Just a nightmare? A prescient vision? You’ll be the judge; you and the days ahead.

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Paradise Lost — The Ashkenazi-Mizrachi Fault Line

Kibbutz Heftzibah, circa 1970

My childhood village is so far away these days, yet I never really left it. I’ve been aware of this notion, this conundrum for a long time, yet the stories about ‘The Battle Over the Hassi Stream’ between the residents of the city of Beit She’an and the members of kibbutz Nir David—and the beautiful pictures from the ‘Valley of the Springs’ that are decorated these stories—keep driving this point home again and again. This new battle, as if on purpose, seems determined to reopen old wounds and make them fresh once more.

It so happened that in 2012 I published a short story titled, ‘The Kibbutz is Burning’—originally titled ‘The Battle Over the Dining Room’—in which young people from Beit She’an invade my kibbutz, set it on fire, and engage in a life-and-death battle with kibbutz members over the kibbutz’s dining room. And while the protagonist of the story (see under: ‘The Kibbutz is Burning’ on my literary website) is my late father, David—a Holocaust survivor from Hungary, a salt-of-the-earth kind of a person who escaped three labor camps during that war, and a veteran member of that kibbutz—the heart of the story is pounding on the fault line dividing the haves and the have-nots, and the deep yearning to go back to the old ‘values’ that had built the kibbutz.

A kibbutz modeled on the one where I was born and grew up, Hephzibah, which in the glorious pictures of Nir David, with the aquamarine stream running through it, you can actually see on the other side of Gan Hashlosha—or the ‘Sachne’ as we called it back then—nestled under Mount Gilboa. Growing up we didn’t know it belonged to kibbutz Nir David. It belonged to us, all of us, courtesy of mother nature. As kids, we used to walk there barefooted. Swim there day or night, without a care in the world. Only later came gates, fences, guards, paved roads, showers, and restrooms. The magic was gone. Or almost gone.

Which brings me to the current situation in kibbutz Nir David, and the battle over access to the Hassi Stream. I have no idea how to resolve this intractable situation, this clash of wills, though one solution that was suggested in 2015— “to set aside a section of the stream for public use”—seems to me to be taking the right approach needed for a reasonable, decent compromise. However, as reported in The Times Of Israel, it “is still stuck in the planning system.” Wouldn’t you know that?

Strangely, it reminds me of a different kind of clash, here in America, between President Trump and the renowned journalist Bob Woodward. In his latest book, ‘Rage,’ and in an interview Woodward gave recently to ‘CBS 60 Minutes,’ he said he asked the president, “… do you have any sense that that privilege has isolated and put you in a cave, to a certain extent, as it put me – and I think lots of White, privileged people… we have to work our way out of it to understand the anger and the pain, particularly, Black people feel in this country?”

President Trump—again, wouldn’t you know that?—responded mockingly, “You, you really drank the Kool-Aid, didn’t you? Just listen to you, wow. No, I don’t feel that at all.”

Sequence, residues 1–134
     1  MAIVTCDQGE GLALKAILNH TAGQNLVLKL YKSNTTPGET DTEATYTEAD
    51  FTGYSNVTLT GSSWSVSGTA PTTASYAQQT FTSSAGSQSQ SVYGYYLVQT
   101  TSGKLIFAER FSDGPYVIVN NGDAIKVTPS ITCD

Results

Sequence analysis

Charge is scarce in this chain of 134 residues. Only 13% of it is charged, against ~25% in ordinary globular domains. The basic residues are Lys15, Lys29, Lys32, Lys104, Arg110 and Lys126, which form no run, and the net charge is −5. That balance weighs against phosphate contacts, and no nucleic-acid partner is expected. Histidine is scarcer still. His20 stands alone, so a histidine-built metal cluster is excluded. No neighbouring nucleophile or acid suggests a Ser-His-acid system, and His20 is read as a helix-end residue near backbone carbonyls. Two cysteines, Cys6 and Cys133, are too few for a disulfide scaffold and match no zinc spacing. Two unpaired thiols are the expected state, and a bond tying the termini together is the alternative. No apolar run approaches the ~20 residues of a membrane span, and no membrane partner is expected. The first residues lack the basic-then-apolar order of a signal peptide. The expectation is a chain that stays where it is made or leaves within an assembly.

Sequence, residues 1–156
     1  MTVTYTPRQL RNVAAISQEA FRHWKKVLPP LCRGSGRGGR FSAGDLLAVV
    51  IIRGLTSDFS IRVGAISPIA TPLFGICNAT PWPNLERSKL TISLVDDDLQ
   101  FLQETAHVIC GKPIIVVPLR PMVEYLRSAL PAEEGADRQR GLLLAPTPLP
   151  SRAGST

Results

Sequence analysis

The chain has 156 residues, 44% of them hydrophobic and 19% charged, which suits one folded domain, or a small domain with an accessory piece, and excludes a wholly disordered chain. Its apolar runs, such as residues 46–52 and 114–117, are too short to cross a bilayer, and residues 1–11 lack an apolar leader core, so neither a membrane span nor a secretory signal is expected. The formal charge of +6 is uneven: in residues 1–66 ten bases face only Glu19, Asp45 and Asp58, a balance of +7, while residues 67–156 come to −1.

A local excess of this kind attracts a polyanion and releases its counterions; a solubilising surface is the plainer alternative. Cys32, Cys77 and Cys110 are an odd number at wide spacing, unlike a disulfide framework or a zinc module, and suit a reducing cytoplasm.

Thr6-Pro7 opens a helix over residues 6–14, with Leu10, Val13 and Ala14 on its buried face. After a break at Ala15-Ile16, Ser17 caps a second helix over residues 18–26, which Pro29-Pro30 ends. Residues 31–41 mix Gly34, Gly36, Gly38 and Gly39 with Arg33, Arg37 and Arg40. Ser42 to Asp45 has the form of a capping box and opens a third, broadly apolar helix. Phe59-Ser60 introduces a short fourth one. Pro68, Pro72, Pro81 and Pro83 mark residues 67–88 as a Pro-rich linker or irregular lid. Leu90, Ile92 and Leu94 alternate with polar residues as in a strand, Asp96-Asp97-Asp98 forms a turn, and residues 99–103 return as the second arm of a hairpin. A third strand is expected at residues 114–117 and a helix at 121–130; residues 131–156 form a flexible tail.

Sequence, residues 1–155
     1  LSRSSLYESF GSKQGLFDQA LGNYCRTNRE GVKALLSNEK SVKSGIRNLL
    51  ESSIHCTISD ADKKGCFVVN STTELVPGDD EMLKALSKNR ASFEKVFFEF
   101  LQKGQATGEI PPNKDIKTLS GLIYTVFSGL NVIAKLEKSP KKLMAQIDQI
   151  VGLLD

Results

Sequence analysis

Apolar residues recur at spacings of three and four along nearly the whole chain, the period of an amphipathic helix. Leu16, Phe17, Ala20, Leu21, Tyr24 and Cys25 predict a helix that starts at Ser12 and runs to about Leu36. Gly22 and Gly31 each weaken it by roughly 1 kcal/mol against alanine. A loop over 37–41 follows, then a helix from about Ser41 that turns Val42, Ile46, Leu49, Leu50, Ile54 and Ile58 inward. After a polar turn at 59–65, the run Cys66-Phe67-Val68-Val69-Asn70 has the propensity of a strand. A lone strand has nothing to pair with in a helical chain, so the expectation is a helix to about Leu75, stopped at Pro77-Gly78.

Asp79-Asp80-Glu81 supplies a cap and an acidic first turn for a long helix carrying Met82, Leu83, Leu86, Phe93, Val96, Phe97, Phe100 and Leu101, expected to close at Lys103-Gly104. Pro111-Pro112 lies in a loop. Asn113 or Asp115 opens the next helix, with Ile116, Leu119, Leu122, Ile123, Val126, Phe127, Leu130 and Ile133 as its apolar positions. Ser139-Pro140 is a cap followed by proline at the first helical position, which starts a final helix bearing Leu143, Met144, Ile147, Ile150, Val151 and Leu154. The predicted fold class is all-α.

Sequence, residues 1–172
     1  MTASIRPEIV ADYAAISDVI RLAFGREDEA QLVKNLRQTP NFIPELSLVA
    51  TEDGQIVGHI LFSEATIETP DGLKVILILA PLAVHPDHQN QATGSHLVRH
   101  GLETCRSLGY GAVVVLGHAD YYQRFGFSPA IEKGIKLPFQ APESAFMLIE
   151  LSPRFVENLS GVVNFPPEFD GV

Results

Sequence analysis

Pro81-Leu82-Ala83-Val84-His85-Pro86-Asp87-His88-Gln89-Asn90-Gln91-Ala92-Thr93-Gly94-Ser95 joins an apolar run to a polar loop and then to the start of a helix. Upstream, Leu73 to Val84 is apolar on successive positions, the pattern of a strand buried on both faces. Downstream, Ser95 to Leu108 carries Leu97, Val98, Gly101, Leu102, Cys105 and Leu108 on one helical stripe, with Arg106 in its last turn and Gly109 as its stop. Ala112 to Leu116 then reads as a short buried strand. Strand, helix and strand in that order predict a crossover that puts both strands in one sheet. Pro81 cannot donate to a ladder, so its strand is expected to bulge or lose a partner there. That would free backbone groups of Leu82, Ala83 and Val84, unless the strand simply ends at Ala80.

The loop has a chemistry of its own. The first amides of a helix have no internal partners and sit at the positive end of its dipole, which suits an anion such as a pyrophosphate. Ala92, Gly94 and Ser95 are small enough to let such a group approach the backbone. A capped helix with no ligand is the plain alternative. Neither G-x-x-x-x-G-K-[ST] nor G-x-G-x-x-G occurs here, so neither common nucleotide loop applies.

That, indeed, is the problem with some privileged, have-it-all people. For them, it’s my way or the highway. Not only do they lack the capacity to understand the other side, but they also don’t seem to care to understand it at all. It may be—in America as in Israel—that it’s not exactly, or simply ‘justice’ that the under-privileged, the have-nots are asking for but ‘understanding.’ After all, in the case of the citizens of Beit She’an—or the larger population of what used to be called the ‘second-Israel’—what does ‘justice’ really mean?

Certainly not the dislodging, the uprooting of the kibbutz and its members away from the beautiful place they have worked so hard to build and give it to them instead; or as is the case with the Sachne, make a national park out of the kibbutz. Just as in the case of the African-American population of America, what would ‘justice’ be for them? Returning to Africa (as few now do)? Reversing the turning of the wheel-of-history? Give reparations—how much, really?—for descendants of those who died many years ago? (In Germany’s case, reparations are for surviving Jews who were directly affected by the Holocaust.) Take the white people’s money and places away and hand it to them?

No. That’s not justice. That’s more like injustice. What they are looking for, I believe—both in Israel and in America—is understanding. Inclusion. Sharing. Collaborating. Acknowledgment of past grave mistakes. This can be achieved, you see, but not with a president who has no clue as to what hunger—both for food and recognition—is. Not with kibbutz members from the ‘first-Israel’ who may still think that that beautiful stream was given to them by God (not that they are believers)? They were Chalutzim once, pioneers of the ‘Tower and Stockade’ settlements, who received the land—spring-fed warm pool and narrow stream included, a la ‘Garden of Eden’—from the ‘Jewish National Fund.’ The Arabs certainly lived there before them.

Which reminds me of something else, too. The last time I jumped headfirst and swam in that beautiful, paradisical pool, was in the winter three years ago. I visited Israel on the occasion of my mother, also a Holocaust survivor from Hungary, 90th birthday. It was cloudy and cold that January day my brother drove me to the Sachne. I told him I won’t leave the old country without swimming again in my ‘fountain-of-youth.’ We were almost by ourselves there. Us and nature. Like old times. But we had fun galore. And then we sat on a wooden bench and my brother brought his Finjan, his coffee kit, and made us strong cups of black coffee to warm our shivering bones. And as we sipped the coffee and talked, looking at the argentine, peaceful waters while guarded by the rocky Mount Gilboa, paradise—if for a fleeting moment—was found again.

* The ‘Leave a Comment’ link is the last tag below, in blue.